Skies of Wonder: Reuben WU

Type7 Vol.3, 2021 (PDF)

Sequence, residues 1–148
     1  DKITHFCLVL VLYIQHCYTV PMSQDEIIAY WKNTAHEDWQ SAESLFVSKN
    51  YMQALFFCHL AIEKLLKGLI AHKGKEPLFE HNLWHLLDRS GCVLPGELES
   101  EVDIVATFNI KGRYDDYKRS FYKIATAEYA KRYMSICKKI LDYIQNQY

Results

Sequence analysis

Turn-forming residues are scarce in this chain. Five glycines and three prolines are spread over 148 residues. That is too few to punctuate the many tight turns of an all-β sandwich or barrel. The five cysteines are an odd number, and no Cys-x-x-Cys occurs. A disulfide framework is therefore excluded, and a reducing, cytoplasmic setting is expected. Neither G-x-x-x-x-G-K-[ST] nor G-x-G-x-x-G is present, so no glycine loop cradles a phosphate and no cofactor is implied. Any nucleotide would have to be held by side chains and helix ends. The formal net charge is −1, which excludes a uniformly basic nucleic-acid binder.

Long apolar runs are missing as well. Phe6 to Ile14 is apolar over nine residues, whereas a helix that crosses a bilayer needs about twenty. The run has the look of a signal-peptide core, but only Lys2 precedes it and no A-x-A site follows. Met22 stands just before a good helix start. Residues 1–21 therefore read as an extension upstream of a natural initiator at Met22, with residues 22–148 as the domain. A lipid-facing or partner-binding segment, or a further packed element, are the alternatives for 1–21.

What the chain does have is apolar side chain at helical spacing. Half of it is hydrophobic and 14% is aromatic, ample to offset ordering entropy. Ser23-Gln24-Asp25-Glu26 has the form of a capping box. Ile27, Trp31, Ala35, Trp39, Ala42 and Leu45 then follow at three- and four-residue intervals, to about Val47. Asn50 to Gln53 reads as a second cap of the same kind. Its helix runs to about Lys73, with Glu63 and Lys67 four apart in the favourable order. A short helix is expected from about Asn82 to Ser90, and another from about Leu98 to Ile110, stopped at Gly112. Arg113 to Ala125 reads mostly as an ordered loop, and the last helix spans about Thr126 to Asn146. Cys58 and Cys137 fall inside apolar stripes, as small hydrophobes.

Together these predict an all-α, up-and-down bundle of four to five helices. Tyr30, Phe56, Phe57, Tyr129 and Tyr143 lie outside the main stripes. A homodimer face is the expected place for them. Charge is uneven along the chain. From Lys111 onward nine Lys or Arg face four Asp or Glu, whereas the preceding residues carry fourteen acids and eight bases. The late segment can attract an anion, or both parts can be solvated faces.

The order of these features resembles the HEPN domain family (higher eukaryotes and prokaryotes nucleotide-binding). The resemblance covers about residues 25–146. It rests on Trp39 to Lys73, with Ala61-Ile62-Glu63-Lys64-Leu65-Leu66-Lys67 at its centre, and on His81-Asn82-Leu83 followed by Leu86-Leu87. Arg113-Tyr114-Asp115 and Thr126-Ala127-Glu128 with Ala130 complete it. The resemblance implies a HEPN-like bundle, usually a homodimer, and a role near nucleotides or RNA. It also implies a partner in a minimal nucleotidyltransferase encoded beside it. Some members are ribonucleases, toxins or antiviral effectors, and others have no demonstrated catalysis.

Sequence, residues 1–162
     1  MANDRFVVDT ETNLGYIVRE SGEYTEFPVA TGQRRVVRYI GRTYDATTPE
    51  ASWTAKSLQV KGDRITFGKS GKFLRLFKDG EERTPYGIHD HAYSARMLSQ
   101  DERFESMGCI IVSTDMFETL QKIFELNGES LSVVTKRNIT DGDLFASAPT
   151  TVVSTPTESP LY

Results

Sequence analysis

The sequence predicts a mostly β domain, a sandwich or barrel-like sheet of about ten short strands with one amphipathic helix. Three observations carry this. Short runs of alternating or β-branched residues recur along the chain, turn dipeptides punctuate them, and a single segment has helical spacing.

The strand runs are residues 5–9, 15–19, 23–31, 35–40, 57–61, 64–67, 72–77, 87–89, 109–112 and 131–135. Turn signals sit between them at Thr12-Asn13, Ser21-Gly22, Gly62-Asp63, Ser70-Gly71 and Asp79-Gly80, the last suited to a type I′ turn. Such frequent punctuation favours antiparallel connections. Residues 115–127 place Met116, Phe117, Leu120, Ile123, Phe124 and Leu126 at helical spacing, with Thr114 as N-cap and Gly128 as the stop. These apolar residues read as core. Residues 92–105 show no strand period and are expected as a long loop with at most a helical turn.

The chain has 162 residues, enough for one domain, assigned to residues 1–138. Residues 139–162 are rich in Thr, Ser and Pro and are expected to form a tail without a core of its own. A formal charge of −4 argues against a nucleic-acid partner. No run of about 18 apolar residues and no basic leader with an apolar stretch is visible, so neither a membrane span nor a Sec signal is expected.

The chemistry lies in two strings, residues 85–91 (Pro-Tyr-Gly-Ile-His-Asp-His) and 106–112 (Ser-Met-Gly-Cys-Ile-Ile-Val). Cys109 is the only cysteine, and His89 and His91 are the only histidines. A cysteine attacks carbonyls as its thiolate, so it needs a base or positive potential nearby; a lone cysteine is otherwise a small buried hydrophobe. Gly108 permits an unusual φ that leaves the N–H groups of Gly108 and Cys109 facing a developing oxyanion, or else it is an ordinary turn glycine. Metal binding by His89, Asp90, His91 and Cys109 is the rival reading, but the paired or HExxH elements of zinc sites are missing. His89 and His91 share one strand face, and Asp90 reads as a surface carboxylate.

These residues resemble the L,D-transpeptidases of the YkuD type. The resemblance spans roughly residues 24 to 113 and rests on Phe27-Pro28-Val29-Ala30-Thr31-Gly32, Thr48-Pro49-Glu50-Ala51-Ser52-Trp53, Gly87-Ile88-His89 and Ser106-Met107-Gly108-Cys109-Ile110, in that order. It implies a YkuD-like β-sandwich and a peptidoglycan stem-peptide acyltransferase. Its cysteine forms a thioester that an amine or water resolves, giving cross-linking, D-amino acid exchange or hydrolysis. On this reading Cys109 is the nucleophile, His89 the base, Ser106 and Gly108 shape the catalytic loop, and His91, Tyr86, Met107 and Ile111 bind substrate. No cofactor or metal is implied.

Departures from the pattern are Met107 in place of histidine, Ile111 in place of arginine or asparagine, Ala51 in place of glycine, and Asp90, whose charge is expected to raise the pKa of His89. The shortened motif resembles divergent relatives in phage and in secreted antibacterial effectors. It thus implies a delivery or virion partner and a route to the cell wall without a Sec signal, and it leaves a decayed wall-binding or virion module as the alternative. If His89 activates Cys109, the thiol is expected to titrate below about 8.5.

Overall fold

“I’m trying to do these places justice,” British-born, Chicago-based artist Reuben Wu says, explaining his land- scape photography. “I don’t want to just point my camera at a sunset and say, ‘this is my creation. I’m a genius!’ Not when there is this incredible ancient landscape that has exist- ed way longer than any of us. It just feels a bit arrogant. I’m not waiting for the right moment to capture the landscape. What I am trying to do is involve myself in the creation of the moment in a way that doesn’t alter or damage the landscape.” In his work, Reuben captures what the eye doesn’t see, but what the soul knows exists —it’s something even he can’t precisely explain. Perhaps it’s consciousness or an ancient spirituality. Either way, it is a side of reality that feels so alien, our default reaction is to question its sincerity. “I’ve always experimented with ways that try to reveal a different side of reality that is invisible to the eye,” he says. “You know, this idea that maybe with a certain type of film, light or low expo- sure techniques, or whatever, I can capture something that I couldn’t normally see or hadn’t seen before.”